Lucien Borg is the Augustinian priest serving at the Saint Augustine Basilica above the ancient ruins of Hippo in Annaba, Algeria (see picture above). He wanted to record his own version of how this historic conference went. In his article in the September/October 2001 issue of their Augustinian Assumptionist journal, Borg quotes another Catholic author, Michel Kubler, who stated that “the colloquium which Algeria consecrated to Saint Augustine constituted a genuine rehabilitation.” Indeed it was, he adds. For years the Catholic Church in Algeria dreamt about such an event, but it seemed very unlikely. Naturally, he writes, some of the islamist factions opposed it from the start, “seeing it as a veiled attempt to Christianize the Algerian people and therefore as a threat for Islam.” He then cites a front page article in an Algerian newspaper only two weeks after the conference which stated that “six Algerians convert to Christianity every day.”

Borg had been part of the planning committee for the colloquium, and he mentioned how carefully he and his colleagues were to avoid any unnecessary polemics. The result, therefore, exceeded all expectations. As we saw, it was spearheaded by the president from the start, and let me add that despite the appearance of democratic governance, Algeria remains a mostly authoritarian state. So let’s not be surprised that the High Islamic Council co-sponsored the event with the Swiss authorities. The Algerian postal service even issued two stamps on the occasion.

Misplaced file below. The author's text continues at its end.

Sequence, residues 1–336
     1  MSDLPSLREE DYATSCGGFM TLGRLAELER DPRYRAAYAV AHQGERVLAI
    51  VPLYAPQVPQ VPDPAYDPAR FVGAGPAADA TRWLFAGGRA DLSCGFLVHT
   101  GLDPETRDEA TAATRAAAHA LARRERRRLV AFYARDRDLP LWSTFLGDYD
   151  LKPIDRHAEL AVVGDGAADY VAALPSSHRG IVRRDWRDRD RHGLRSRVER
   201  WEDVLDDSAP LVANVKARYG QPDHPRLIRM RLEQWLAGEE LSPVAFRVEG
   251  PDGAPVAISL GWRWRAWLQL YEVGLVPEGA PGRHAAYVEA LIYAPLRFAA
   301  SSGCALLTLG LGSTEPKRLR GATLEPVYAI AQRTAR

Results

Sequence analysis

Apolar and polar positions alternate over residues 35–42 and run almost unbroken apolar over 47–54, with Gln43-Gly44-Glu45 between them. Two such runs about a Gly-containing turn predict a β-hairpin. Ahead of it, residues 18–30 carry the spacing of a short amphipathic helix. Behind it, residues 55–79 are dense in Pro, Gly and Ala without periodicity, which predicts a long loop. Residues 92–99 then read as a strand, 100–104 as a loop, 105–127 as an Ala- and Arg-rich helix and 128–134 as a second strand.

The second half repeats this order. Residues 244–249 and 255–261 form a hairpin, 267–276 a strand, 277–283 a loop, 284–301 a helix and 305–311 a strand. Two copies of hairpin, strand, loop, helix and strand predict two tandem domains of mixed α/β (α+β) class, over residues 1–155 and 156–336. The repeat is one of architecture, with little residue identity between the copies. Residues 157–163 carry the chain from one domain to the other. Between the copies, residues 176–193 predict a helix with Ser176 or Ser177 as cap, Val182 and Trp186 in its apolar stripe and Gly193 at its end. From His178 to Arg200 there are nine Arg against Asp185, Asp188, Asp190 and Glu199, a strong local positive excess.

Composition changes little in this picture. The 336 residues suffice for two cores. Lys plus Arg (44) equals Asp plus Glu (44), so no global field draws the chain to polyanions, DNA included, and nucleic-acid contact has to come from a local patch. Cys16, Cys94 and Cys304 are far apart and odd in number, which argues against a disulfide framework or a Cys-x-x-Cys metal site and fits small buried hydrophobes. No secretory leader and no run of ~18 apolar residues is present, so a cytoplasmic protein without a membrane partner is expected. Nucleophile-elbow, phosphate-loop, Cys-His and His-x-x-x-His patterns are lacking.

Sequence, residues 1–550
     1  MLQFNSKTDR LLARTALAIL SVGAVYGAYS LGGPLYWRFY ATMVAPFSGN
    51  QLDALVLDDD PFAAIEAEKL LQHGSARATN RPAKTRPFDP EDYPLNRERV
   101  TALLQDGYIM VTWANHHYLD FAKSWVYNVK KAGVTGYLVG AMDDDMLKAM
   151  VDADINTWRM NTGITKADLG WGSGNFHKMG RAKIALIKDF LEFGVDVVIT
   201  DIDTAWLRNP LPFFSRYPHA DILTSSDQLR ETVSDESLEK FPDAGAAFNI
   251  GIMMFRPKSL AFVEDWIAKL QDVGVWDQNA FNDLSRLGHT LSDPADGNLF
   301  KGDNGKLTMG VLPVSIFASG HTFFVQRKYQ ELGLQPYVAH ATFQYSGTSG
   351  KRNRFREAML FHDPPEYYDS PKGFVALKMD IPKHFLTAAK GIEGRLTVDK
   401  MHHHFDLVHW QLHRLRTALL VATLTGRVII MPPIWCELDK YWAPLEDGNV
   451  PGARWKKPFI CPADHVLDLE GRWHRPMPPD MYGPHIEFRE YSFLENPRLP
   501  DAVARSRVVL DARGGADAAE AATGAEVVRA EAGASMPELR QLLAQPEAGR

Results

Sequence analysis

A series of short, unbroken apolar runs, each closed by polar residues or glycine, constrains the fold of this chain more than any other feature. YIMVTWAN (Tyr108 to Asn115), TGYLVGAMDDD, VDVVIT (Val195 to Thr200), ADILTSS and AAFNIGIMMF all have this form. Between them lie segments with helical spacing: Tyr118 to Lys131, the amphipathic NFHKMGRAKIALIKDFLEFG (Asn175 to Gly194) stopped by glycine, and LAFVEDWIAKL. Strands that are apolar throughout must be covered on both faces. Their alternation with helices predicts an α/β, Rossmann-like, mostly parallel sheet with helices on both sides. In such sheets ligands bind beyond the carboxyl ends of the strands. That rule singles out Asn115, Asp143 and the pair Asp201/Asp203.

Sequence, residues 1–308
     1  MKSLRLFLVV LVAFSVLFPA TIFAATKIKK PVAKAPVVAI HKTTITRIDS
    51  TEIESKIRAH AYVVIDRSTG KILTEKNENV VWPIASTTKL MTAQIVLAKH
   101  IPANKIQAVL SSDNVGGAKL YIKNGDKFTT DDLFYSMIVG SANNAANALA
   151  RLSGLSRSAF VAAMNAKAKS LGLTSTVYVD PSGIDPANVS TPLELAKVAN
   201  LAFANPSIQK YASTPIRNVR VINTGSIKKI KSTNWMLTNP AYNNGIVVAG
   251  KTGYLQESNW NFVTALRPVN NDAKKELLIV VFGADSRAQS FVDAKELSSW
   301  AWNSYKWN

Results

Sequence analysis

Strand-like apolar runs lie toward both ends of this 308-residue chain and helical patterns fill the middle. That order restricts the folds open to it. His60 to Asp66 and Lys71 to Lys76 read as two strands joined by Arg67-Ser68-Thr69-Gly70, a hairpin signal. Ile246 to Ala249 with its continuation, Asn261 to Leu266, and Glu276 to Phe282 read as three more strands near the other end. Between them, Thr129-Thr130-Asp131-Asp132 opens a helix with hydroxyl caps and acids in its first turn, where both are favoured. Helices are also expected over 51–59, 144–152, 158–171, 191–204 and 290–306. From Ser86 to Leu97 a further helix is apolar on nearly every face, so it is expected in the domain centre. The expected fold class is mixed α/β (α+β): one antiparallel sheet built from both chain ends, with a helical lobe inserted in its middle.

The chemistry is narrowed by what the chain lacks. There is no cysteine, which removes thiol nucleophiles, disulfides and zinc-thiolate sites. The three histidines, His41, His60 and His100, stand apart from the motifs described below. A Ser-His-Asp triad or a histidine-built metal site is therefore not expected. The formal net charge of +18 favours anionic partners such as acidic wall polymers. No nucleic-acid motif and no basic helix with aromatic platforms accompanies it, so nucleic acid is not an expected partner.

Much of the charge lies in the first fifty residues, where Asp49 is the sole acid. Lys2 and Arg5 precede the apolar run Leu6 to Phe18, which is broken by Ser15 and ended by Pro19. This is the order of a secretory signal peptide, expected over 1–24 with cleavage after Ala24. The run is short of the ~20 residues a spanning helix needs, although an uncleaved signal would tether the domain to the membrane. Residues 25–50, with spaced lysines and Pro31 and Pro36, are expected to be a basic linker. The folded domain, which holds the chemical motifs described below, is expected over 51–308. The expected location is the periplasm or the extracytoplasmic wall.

Still, Borg believes this represented a sea change in official Algerian political and cultural attitudes. Now they are drawing up plans to have a museum dedicated to Augustine in Annaba. In 2015 the University of Annaba sponsored an international conference on Augustine. Now back to 2001, Borg quotes from the president’s official address:


“[A conference on Augustine] offers a privileged platform for a common reflection which will allow us to highlight our similarities, indicate our points of convergence, and lay the foundation of an ethics of inter-civilizational relations built on respect, mutual understanding and solidarity … The study of Augustine is incredibly relevant today, and the debates that will naturally flow out of it can contribute to our making progress together, as diverse as we are, toward a peaceful world, a world of justice and brotherhood to which all people of good will have aspired since the beginning of time.”


Borg here is certain that Mr. Bouteflika was sincere in stating this. I think too that Augustine himself would be heartened – sad to see the disappearance of the church in his region for so many centuries but glad to see that it is slowly growing again. He would especially rejoice that his life and writings can still spread some of the values of the Heavenly City among the inhabitants of our earthly city, and especially in his native land.